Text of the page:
Thursday, July 27, 2017

Decentralized Long-Term Preservation

Lambert Heller is correct to point out that:
name allocation using IPFS or a blockchain is not necessarily linked to the guarantee of permanent availability, the latter must be offered as a separate service.
Storage isn't free, and thus the "separate services" need to have a viable business model. I have demonstrated that increasing returns to scale mean that the "separate service" market will end up being dominated by a few large providers just as, for example, the Bitcoin mining market is. People who don't like this conclusion often argue that, at least for long-term preservation of scholarly resources, the service will be provided by a consortium of libraries, museums and archives. Below the fold I look into how this might work.

These institutions would act in the public interest rather than for profit, and thus somehow be exempt from the effects of increasing returns to scale. Given the budget pressures these institutions are under, I'm skeptical. But lets assume that they are magically exempt.

The whole point of truly decentralized peer-to-peer systems is that they cannot be centrally managed; for example by a consortium of libraries. A system of this kind needs management that arises spontaneously by the effect of its built-in incentives on each individual participant. Among the functions that this spontaneous management needs to perform for a long-term storage service is to ensure that:
  • the storage resources needed to meet the demand are provided,
  • they are replaced as they fail or become obsolete,
  • each object is adequately replicated to ensure its long-term viability,
  • the replicas maintain suitable geographic and organizational diversity,
  • the software is maintained to fix the inevitable vulnerabilities,
and that the software is upgraded as the computing infrastructure evolves through time. Note that these are mostly requirements on the network as a whole rather than on individual peers. The SEC's report on Initial Coin Offerings recognizes similar needs:
Investors in The DAO reasonably expected and its co-founders, and The DAO’s Curators, to provide significant managerial efforts after The DAO’s launch. The expertise of The DAO’s creators and Curators was critical in monitoring the operation of The DAO, safeguarding investor funds, and determining whether proposed contracts should be put for a vote. Investors had little choice but to rely on their expertise.

By contract and in reality, DAO Token holders relied on the significant managerial efforts provided by and its co-founders, and The DAO’s Curators, as described above.
Even in the profit-driven world of crypto-currencies, the incentive from profit doesn't always lead to concensus (see the issue of increasing the Bitcoin block size, and the DAO heist), or to the provision of resources to meet the demand (see Bitcoin's backlog of unconfirmed transactions). Since we have assumed away the profit motive, and all we have left is a vague sense of the public interest, the built-in incentives powering the necessary functions will be weak.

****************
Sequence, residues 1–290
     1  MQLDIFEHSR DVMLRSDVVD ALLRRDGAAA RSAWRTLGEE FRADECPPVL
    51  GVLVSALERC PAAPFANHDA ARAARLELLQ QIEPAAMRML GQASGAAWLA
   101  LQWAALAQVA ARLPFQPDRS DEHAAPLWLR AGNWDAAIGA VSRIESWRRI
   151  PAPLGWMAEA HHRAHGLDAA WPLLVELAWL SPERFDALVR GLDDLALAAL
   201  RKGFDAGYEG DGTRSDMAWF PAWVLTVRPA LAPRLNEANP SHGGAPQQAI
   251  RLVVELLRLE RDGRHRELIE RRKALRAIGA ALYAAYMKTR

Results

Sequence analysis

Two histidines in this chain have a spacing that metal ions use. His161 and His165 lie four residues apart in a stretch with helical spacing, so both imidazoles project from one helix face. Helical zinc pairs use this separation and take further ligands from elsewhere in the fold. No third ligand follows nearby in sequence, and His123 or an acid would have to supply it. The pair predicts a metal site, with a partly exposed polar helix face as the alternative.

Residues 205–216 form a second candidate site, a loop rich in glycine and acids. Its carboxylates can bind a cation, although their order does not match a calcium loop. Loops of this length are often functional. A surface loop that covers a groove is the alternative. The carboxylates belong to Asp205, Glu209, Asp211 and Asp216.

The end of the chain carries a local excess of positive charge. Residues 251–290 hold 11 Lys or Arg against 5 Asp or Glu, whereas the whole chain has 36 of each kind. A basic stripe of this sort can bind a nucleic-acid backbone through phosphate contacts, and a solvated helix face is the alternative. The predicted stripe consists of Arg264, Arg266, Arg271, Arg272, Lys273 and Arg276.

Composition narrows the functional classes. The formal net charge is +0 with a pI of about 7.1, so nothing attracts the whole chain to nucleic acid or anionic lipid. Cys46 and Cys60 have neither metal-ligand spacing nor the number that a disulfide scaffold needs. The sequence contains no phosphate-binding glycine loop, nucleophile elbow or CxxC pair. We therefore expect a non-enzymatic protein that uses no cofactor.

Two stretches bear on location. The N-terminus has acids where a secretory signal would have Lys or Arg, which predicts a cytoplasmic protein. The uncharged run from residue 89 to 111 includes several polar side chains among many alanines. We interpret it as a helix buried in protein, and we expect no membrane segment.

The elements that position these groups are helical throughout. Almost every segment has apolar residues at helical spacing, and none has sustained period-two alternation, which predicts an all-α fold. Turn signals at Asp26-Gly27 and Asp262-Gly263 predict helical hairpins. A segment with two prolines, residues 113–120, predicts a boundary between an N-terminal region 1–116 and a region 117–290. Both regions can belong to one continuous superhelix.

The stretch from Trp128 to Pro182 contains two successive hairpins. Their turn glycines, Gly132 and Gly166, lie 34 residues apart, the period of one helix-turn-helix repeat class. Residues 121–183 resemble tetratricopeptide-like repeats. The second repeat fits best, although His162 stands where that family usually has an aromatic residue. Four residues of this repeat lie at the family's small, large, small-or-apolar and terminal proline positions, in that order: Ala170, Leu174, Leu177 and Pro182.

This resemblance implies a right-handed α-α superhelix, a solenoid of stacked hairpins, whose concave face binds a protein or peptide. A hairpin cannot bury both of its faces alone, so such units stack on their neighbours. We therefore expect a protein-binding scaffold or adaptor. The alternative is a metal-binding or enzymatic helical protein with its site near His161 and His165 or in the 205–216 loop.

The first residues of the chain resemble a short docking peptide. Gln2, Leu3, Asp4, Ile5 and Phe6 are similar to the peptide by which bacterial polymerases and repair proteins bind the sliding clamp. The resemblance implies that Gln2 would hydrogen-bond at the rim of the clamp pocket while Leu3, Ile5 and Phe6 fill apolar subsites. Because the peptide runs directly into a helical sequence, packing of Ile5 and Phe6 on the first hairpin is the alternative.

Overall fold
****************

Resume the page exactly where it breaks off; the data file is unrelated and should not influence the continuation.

This lack of effective governance is a problem in the short-term world of crypto-currency speculation (see the surplus GPUs flooding the market as Ethereum miners drop out). It is a disaster in digital preservation, where the requirement is to perform continuously and correctly over a time-scale of many technology generations. Human organizations can survive much longer time-scales; 8 years ago my University celebrated its 800-th birthday. Does anybody believe we'll be using Bitcoin or Ethereum 80 years from now as it celebrates its 888-th?

We have experience in these matters. Seventeen years ago we published the first paper describing the LOCKSS peer-to-peer digital preservation system. At the software level it was, and has remained through its subsequent evolution, a truly decentralized system. All peers are equal, no peer trusts any other, peers discover others through gossip-style communication. At the management and organizational level, however, formal structures arose such as the LOCKSS Alliance, the MetaArchive and the CLOCKSS Archive to meet real-world demand for the functions above to be performed in a reliable and timely fashion.

Trying by technical means to remove the need to have viable economics and governance is doomed to fail in the medium- let alone the long-term. What is needed is a solution to the economic and governance problems. Then a technology can be designed to work in that framework. Blockchain is a technology in search of a problem to solve, being pushed by ideology into areas where the unsolved problems are not technological.


Chris Aldrich said...

That last sentence defining the blockchain is fantastic.

If you hadn't heard of it yet, I attended a conference last year at UCLA entitled Dodging the Memory Hole, which I suspect is right up your alley. I know they're gearing up for another installment later this year at the Internet Archive in San Francisco. I suspect you'll find lots of friends there, and they're still accepting talks.

David. said...

The Economist agrees with me on the need for decentralized systems such as bitcoin to evolve effective governance:

"Whatever the outcome, one lesson of this conflict [over increasing block size] is clear. Decentralised crypto-currencies and other blockchain-based systems need robust governance mechanisms if they want to be able to evolve and stay relevant. Otherwise they risk ossification. Since crypto-currencies “were created to replace institutional decision-making,” argues Andreas Antonopoulos, the author of “Mastering Bitcoin”, they will have to find other ways to evolve."